Chapter_5__Civil_rights - Affirmative Action: Don't Mend It...

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THURSDAY SEPTEMBER 11, 2008 WINTER 2002 — RELATED CONTENT RESEARCH AND COMMENTARY Black Americans Reduce the Racial IQ Gap: Evidence from Standardization Samples James R. Flynn, Psychological Science, October 2006 RESEARCH AND COMMENTARY Diversity Goals Help Kids in School -- and Later in Life Hugh B. Price, The Press-Enterprise (California), February 16, 2007 BOOK Urban Problems and Community Development Ronald F. Ferguson, March 02, 1999 More Related Content » Affirmative Action: Don't Mend It or End It - Bend It Education, Race, Affirmative Action, Ethnicity, Inequality Peter H. Schuck , Professor of Law, Yale University and New York University The Brookings Review Affirmative action policy—by which I mean ethno-racial preferences in the allocation of socially valuable resources—is even more divisive and unsettled today than at its inception more than 30 years ago. Affirmative action's policy context has changed dramatically since 1970. One change is legal. Since the Supreme Court's 1978 Bakke decision, when Justice Lewis Powell's pivotal fifth vote endorsed certain "diversity"-based preferences in higher education, the Court has made it increasingly difficult for affirmative action plans to pass constitutional muster unless they are carefully designed to remedy specific past acts of discrimination. Four other changes—the triumph of the nondiscrimination principle; blacks' large social gains; evidence on the size, beneficiaries, and consequences of preferences; and new demographic realities—persuade me that affirmative action as we know it should be abandoned even if it is held to be constitutional. s we know it" is the essential qualifier in that sentence. I propose neither a wholesale ban on affirmative action ("ending" it) nor tweaks in its administration ("mending" it). Rather, I would make two structural changes to curtail existing preferences while strengthening the remaining ones' claim to justice. First, affirmative action would be banned in the public sector but allowed in the private sector. Second, private-sector institutions that use preferences would be required to disclose how and why they do so. These reforms would allow the use of preferences by private institutions that believe in them enough to disclose and defend them, while doing away with the obfuscation, duplicity, and lack of accountability that too often accompany preferences. Affirmative action could thus be localized and customized to suit the varying requirements of particular contexts and sponsors. Triumph of the Nondiscrimination Principle Why is change necessary? To explain, one must at the outset distinguish affirmative action entailing preferences from nondiscrimination, a principle that simply requires one to refrain from treating people differently because of their race, ethnicity, or other protected characteristics. Although this distinction can blur at the edges, it is clear and vital both in politics and in principle. When affirmative action became federal policy in the late 1960s, the nondiscrimination principle, though fragile, was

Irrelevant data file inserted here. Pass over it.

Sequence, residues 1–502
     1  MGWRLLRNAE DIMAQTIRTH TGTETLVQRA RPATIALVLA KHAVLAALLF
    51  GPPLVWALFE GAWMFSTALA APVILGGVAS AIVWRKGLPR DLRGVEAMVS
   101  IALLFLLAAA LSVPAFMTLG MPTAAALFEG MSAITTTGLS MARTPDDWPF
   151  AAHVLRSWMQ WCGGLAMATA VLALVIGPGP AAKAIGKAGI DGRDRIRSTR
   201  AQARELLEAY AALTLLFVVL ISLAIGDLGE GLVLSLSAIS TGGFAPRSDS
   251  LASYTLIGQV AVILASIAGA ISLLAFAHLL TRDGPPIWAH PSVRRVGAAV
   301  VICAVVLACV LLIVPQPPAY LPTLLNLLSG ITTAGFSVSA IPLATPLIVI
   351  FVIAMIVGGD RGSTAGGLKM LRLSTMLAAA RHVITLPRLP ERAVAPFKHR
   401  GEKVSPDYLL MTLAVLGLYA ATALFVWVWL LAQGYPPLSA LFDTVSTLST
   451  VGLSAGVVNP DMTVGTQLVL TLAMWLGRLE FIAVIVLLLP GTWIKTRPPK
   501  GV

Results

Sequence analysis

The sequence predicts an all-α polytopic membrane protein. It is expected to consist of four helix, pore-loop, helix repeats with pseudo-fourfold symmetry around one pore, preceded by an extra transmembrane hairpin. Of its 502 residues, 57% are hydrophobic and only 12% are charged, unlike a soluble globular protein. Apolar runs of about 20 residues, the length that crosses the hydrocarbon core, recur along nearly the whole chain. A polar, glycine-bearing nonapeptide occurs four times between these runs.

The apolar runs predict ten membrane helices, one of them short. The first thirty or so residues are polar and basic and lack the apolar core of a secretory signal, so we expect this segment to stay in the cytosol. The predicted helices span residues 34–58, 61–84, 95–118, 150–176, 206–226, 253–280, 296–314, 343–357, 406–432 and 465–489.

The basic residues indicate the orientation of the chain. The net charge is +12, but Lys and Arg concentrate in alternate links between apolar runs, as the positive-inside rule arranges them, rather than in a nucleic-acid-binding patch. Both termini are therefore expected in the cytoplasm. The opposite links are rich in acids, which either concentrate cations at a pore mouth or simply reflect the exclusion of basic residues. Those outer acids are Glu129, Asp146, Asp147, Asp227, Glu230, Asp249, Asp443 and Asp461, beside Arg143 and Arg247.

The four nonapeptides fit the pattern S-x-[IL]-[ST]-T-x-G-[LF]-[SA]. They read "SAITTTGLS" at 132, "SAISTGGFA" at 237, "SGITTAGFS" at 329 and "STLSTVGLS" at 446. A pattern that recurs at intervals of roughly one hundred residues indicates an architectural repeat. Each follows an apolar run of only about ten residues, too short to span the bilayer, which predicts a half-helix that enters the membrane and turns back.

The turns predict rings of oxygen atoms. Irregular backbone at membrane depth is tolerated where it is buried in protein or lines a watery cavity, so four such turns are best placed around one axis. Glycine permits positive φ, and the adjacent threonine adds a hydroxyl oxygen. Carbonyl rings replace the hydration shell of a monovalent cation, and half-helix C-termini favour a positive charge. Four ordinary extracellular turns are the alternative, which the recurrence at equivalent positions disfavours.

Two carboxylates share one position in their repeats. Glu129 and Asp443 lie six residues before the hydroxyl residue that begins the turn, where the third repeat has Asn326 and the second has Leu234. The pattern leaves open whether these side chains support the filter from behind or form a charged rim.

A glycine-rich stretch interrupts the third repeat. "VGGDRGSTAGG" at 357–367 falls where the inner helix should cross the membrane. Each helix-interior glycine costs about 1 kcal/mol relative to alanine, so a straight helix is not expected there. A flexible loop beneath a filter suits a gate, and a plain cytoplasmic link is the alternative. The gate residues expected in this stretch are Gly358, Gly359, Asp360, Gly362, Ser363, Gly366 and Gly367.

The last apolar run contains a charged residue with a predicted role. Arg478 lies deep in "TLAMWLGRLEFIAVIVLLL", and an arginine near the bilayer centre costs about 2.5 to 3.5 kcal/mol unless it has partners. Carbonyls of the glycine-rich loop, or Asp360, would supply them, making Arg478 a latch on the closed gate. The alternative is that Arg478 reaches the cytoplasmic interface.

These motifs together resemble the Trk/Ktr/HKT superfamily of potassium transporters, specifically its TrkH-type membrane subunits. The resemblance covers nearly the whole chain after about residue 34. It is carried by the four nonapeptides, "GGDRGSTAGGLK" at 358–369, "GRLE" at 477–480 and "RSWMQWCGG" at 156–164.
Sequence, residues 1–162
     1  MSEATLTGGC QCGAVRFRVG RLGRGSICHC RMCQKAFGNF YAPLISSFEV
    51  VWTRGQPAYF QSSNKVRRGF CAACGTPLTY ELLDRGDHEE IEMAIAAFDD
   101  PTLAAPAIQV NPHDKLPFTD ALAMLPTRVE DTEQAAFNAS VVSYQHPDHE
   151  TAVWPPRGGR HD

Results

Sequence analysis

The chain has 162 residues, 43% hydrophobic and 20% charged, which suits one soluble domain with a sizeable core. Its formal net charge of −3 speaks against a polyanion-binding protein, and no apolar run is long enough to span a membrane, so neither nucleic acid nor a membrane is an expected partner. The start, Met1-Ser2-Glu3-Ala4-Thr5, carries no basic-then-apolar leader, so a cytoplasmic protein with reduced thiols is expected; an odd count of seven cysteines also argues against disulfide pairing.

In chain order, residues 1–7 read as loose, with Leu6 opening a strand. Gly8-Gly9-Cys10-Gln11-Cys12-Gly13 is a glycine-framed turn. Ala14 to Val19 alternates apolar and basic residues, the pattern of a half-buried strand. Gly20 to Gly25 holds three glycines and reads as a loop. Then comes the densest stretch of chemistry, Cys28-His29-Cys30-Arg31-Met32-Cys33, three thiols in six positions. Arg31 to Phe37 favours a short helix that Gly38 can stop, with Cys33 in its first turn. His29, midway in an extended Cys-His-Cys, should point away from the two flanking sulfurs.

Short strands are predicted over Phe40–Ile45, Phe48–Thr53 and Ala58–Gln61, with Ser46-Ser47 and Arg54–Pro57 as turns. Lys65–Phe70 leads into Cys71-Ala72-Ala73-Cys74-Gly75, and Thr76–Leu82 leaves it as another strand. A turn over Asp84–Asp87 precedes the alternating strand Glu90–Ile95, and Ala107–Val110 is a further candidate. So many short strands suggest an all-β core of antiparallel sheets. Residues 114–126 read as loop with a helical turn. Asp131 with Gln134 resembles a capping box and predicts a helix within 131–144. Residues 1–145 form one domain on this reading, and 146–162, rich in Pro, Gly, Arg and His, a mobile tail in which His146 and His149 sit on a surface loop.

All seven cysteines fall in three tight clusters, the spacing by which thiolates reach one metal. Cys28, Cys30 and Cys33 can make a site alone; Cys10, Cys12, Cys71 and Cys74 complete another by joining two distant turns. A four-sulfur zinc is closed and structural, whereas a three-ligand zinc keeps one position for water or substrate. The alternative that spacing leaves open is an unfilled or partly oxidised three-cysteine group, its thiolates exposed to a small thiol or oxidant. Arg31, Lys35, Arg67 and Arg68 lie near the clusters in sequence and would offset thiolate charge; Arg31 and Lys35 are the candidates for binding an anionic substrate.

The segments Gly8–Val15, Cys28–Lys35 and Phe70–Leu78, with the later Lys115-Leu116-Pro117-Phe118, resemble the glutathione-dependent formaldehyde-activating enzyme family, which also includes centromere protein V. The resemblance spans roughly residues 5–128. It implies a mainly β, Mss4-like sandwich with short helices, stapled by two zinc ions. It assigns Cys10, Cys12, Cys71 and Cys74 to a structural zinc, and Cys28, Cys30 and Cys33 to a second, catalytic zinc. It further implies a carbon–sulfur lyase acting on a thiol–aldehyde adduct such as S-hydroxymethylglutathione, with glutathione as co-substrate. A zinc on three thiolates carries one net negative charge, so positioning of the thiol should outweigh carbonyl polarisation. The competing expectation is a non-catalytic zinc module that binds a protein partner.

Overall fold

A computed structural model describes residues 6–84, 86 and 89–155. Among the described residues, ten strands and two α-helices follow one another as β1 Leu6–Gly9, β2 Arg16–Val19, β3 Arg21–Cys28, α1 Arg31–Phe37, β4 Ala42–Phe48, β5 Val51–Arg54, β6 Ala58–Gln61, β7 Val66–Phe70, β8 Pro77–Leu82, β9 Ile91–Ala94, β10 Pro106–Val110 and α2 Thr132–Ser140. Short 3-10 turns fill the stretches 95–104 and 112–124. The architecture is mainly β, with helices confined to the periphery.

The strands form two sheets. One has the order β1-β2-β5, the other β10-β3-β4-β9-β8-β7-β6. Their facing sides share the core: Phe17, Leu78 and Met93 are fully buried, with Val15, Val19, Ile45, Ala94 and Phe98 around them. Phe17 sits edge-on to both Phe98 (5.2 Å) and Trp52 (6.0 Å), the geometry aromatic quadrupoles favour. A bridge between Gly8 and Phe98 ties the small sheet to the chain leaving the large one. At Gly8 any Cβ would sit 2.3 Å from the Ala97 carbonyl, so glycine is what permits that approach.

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This note was uploaded on 02/09/2009 for the course PLS 100 taught by Professor Thornton during the Spring '07 term at Michigan State University.

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Chapter_5__Civil_rights - Affirmative Action: Don't Mend It...

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